'Even Republicans Agree:' Georgia Democrats Issue Ad Showing GOP Members, Fox News Hosts Scrutinizing Loeffler

Ahead of the Senate runoff races in Georgia, the state's Democratic Party released an advertisement showing two GOP party members and three journalists scrutinizing Republican incumbent Kelly Loeffler.

The ad features clips from Republican Representative Doug Collins, Great America PAC Chairman Ed Rollins, Fox News hosts Tucker Carlson and Neil Cavuto and former Fox News host Ed Henry. Each clip highlights criticism levied against the Georgia senator, with the ad declaring "even Republicans agree," Loeffler "serves herself and not Georgians."

Even Republicans agree: @KLoeffler is serving herself, not Georgians. #gasen #gapol pic.twitter.com/lRxasFxQSh

— Georgia Democrats (@GeorgiaDemocrat) November 16, 2020

"Her only claim to fame is re-elect me, I'll still be the richest person in Congress, and I went on and I bought a jet airplane so I could fly back and forth between Georgia and Washington," Rollins said in a clip taken from Fox News.

The ad also shows Carlson, Cavuto and Henry, questioning Loeffler about selling $20 million in personal stock after receiving a private briefing regarding the potential economic effects of the coronavirus leading up to the March 9 market crash.

Both Carlson and Henry questioned Loeffler during appearances on the cable news network regarding the stock sale, with Carlson asking the Republican senator to explain how her decision to sell the stock didn't violate the Stock Act, a law which prohibits lawmakers from using non-public information in stock trades.

Loeffler denied all allegations of insider trading, telling Carlson that her investment portfolio was managed by "third-party" advisers, and that her decisions were informed by her previous experiences working in financial services.

"I decided that I was going to maintain the same posture that I had in the financial services industry, which was to have a third-party person that was, and Senate advisers, who were fully charged and able to make these transactions on my own, so I did not have to be involved in any of the decision-making around these financial transactions, and that worked very well in the private sector and it kept us from having to have concerns around insider trading," she said.

In April, Carlson criticized a tweet she wrote in March after she had dumped millions in stock, telling her constituents that, "The consumer is strong. The economy is strong. Jobs are growing."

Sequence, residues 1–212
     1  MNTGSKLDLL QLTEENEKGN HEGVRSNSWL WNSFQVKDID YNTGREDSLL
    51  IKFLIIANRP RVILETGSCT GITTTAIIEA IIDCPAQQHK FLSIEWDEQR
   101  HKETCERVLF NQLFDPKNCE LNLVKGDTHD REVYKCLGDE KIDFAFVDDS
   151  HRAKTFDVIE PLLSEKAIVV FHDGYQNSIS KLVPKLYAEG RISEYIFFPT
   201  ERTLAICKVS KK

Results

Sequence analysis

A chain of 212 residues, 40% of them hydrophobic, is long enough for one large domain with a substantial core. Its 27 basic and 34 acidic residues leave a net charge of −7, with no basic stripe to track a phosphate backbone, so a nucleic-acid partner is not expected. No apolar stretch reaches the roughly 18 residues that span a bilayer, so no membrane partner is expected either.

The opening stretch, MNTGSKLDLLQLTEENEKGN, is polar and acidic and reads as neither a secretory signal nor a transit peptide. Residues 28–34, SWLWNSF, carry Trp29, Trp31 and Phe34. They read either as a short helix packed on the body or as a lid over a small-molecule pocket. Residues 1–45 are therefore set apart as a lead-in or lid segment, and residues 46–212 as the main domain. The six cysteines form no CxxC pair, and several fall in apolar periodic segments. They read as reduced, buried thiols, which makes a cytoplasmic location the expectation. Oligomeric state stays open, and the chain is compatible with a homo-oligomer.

Concerned about #coronavirus? Remember this:

The consumer is strong, the economy is strong, & jobs are growing, which puts us in the best economic position to tackle #COVID19 & keep Americans safe.

Update following meeting with @realdonaldtrump, @VP, & @StevenMnuchin1: pic.twitter.com/H9t2D6x19k

— Senator Kelly Loeffler (@SenatorLoeffler) March 10, 2020

"If Loeffler knew about these trades and still issued that little PSA we showed you, she should leave office," Carlson said on April 2, a clip which is featured in the Georgia Democrat ad.

Henry pressed Loeffler in March asking her if she was involved in insider trading.

"You thought the government was prepared, yet shortly after that tweet [shown above] that I just noted, you sold over a million dollars in stocks in your own personal portfolio before the market went down. Were you trading on inside information about what was coming?," he asked.

But Loeffler consistently defended herself, claiming that it was "absolutely false" that she participated in insider trading.

"I want to set the record straight: This is a ridiculous & baseless attack. I don't make investment decisions for my portfolio. Investment decisions are made by multiple third-party advisors without my or my husband's knowledge or involvement," she tweeted on March 20.

Kelly Loeffler
U.S. Sen. Kelly Loeffler (R-GA) waits for the beginning of a ceremonial swearing-in at the Old Senate Chamber of the U.S. Capitol January 6, 2020 in Washington, DC. In January, Loeffler will compete against Democratic candidate Raphael Warnock in a Senate runoff race. Alex Wong/Getty

Loeffler's stock dump ultimately prompted an investigation and calls from numerous other lawmakers, both Democratic and Republican, to resign from her position. Though the issue garnered scrutiny, the Senate Ethics Committee dropped its investigation against Loeffler on June 16.

But Georgia Democrats are pointing fingers at the Republican Party for attacking the GOP hopeful.

"After months of denouncing her shady stock trades and her corrupt bought-and-paid-for politics, Georgia Republicans have a lot to answer for about their devastating attacks on Senator Kelly Loeffler," Alex Floyd, a spokesman for the Democratic Party of Georgia said in a press release emailed to Newsweek.

While the GOP has attempted to paint Warnock as a "radical" leftist and "anti-American," the Democratic Party maintains that Loeffler's record has been both self-serving and corrupt.

"The record of the past nine months is clear: even Republicans believe that Kelly Loeffler serves herself, not Georgians," said Floyd.

Loeffler will face Democratic challenger Raphael Warnock, while David Perdue will face off against Jon Ossoff, in the January 5 runoffs. The two races are already drawing interest from both parties on a national scale as the results will determine which party takes control of the Senate.

Democrats will need to win both races to obtain a 50-50 tie, in which case Vice President-elect Kamala Harris will provide the deciding vote on bills that require a tiebreaker.

Newsweek reached out to the Loeffler campaign for additional comment but did not receive a reply before publication.

Correction: A previous version of this story referred to Jon Ossoff as a Republican. He is a Democrat.